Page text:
Dozens die from Ian, one of America’s most powerful, costly hurricanes

Hurricane Ian hit the Carolina coast in September; Day 30, 2022.


With the death toll nearing three dozen, rescuers searched for survivors among Florida homes devastated by Hurricane Ian on Saturday, while authorities in South Carolina began fighting damage price from strong storm attacked there as the stunned residents began the hard work of surveying their damage.

Ian, one of the most powerful hurricanes ever to make landfall in the United States, terrorized millions for much of the week, devastating western Cuba before striking across Florida from the warm waters of the Gulf of Mexico to the Atlantic Ocean, where it gathered enough strength for a final assault on South Carolina. The storm is expected to weaken during the day as it moves across the mid-Atlantic.

At least 31 people were confirmed to have died, including 27 in Florida mainly from drowning but others as a result of the catastrophic consequences of the storm. Authorities say an elderly couple died after their oxygen ventilator went off during a power outage.

As of Saturday, more than 1,000 people have been rescued from flooded areas along Florida’s southwest coast, Daniel Hokanson, a four-star general and head of the National Guard, told The Associated Press while in the air to Florida.

Chris Schnapp was at the Port Sanibel Marina in Fort Myers on Saturday, waiting to see if her 83-year-old mother-in-law had been evacuated. Sanibel Island. A pontoon boat had just arrived with a load of passengers from the island – with suitcases and animals towing – but Schnapp’s mother-in-law was not among them.

“She stayed on the island. My brother-in-law and sister-in-law own two businesses there. They evacuated. She didn’t want to go because she thought it wouldn’t be bad,” Schnapp said. But then she got word Friday night that her mother-in-law was going to the marina: “We don’t know now if she’s still on the island or has boarded a bus,” and was taken to a shelter, Schnapp said.

Hurricane Ian's rain and high winds leave devastation across Florida

South Carolina’s Pawleys Island, a beach community about 73 miles (117 km) from Charleston, was among the hardest hit by Ian, and at least half of the island remained without power on Saturday.

Eddie Wilder, who has been to Pawleys Island for more than six decades, said Friday’s storm was “crazy to watch.” He said waves as high as 25 feet (7.6 meters) washed away the pier – an iconic landmark – just two doors from his home.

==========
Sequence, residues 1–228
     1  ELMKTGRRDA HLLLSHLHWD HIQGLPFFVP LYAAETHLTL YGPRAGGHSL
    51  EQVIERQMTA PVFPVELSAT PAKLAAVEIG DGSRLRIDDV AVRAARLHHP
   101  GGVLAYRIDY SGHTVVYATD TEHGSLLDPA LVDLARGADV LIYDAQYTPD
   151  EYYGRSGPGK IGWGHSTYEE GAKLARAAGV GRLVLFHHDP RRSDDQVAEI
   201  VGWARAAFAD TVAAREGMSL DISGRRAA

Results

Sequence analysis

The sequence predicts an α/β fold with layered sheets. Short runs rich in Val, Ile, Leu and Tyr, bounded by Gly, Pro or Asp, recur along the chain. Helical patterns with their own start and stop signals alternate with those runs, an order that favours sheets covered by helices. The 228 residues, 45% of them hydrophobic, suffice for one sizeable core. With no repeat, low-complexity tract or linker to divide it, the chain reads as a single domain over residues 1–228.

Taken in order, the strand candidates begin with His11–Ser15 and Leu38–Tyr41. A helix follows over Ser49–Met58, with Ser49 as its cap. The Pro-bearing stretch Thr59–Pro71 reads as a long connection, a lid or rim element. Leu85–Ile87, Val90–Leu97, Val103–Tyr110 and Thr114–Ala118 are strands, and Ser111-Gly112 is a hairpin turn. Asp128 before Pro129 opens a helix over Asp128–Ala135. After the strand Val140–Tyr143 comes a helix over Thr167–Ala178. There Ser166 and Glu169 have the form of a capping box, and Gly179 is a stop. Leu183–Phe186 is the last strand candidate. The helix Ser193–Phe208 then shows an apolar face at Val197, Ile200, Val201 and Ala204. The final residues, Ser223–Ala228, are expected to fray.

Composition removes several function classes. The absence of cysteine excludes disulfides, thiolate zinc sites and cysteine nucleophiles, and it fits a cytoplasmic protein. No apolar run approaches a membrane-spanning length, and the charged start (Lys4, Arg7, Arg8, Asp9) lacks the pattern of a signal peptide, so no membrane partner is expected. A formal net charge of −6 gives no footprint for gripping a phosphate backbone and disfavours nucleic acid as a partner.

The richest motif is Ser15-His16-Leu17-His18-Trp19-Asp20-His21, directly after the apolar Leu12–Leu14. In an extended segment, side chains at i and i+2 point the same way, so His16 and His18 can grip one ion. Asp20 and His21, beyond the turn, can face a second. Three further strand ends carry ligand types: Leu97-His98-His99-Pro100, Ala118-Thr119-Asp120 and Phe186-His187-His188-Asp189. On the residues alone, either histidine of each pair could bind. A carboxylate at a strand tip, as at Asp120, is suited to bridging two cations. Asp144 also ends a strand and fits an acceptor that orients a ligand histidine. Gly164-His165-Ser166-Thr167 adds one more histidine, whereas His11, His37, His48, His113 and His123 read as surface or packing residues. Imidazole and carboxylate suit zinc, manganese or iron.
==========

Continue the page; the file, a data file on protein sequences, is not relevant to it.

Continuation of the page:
“We saw it hit the pier and saw the dock disappear,” Wilder said. “We watched it crumble and watched it float with an American flag still hovering.”

Pawleys Pier was one of at least four along the South Carolina coast destroyed in Ian’s rain and wind. Portions of the pier, including the barnacle pylon, dot the beach. The internal waterways are dotted with the remains of several houseboats that were thrown out of their way during the storm.

Traffic to the southernmost point of Pawleys Island was blocked, where crews were working to clear the road of sand and other debris that officials said had piled up at least a foot high. The sand will then be redistributed to rebuild dunes along the beach, as happened after a similar event in 2019.

Many of the beach houses still have sand underneath, with the dunes completely washed away and almost flattened.

John Joseph, whose father built the family’s beige beach house in 1962, said Saturday that he was delighted to return from Georgetown – which has been directly affected – to find found his Pawleys Island home completely intact.

“Thank God these walls are still here, and we feel very fortunate that this is the worst,” he said of the sand sweeping down his home. “What happened in Florida – gosh, God bless us. If we were out 4, I wouldn’t be here.”

In North Carolina, the storm appeared to have mostly toppled trees and power lines, leaving more than 280,000 people statewide without power late Saturday morning, according to state officials.

Orange County Fire Service first responders check on residents’ well-being as they walk through a flooded neighborhood following Hurricane Ian, Thursday, September 29, 2022, in Orlando, Fla.

Phelan M. Ebenhack | AP

At least one storm-related death was reported in Johnston County, outside of Raleigh. A woman found her husband dead early Saturday morning after he went to check the generator running in their garage overnight, Sheriff Jeff Caldwell’s office said.

The storm’s winds on Friday were much weaker than when Ian made landfall on Florida’s Gulf Coast earlier in the week. Authorities and volunteers there are still assessing the damage as shocked residents try to understand what they’ve just been through.

“I want to sit in the corner and cry. I don’t know what else to do,” said Stevie Scuderi after trudging through her now-demolished Fort Myers apartment, the mud in the kitchen clinging to her purple slippers. .

Aerial video shows Hurricane Ian ravaging the Sanibel Island Causeway

On Saturday, a long line waited outside an O’Reilly auto parts store in Port Charlotte, where a sign said “We have generators now”. Hundreds of cars lined up outside a gas station in Wawa, and some people walked, carrying gas cans to their nearby cars.

At the Port Sanibel Marina in Fort Myers, Captain Ryan Kane was assessing damage to two boats Saturday, after high tide pushed several boats and a dock ashore. He said the boat he owned had been totaled in value. He said he couldn’t use it to help rescue people and that it would be a long time before he could charter a fishing boat for a client.

“There’s a hole in the hull. It gets water in the engines. It gets water in everything,” he said, adding: “You know, boats have to be in the water, not in the docks.”


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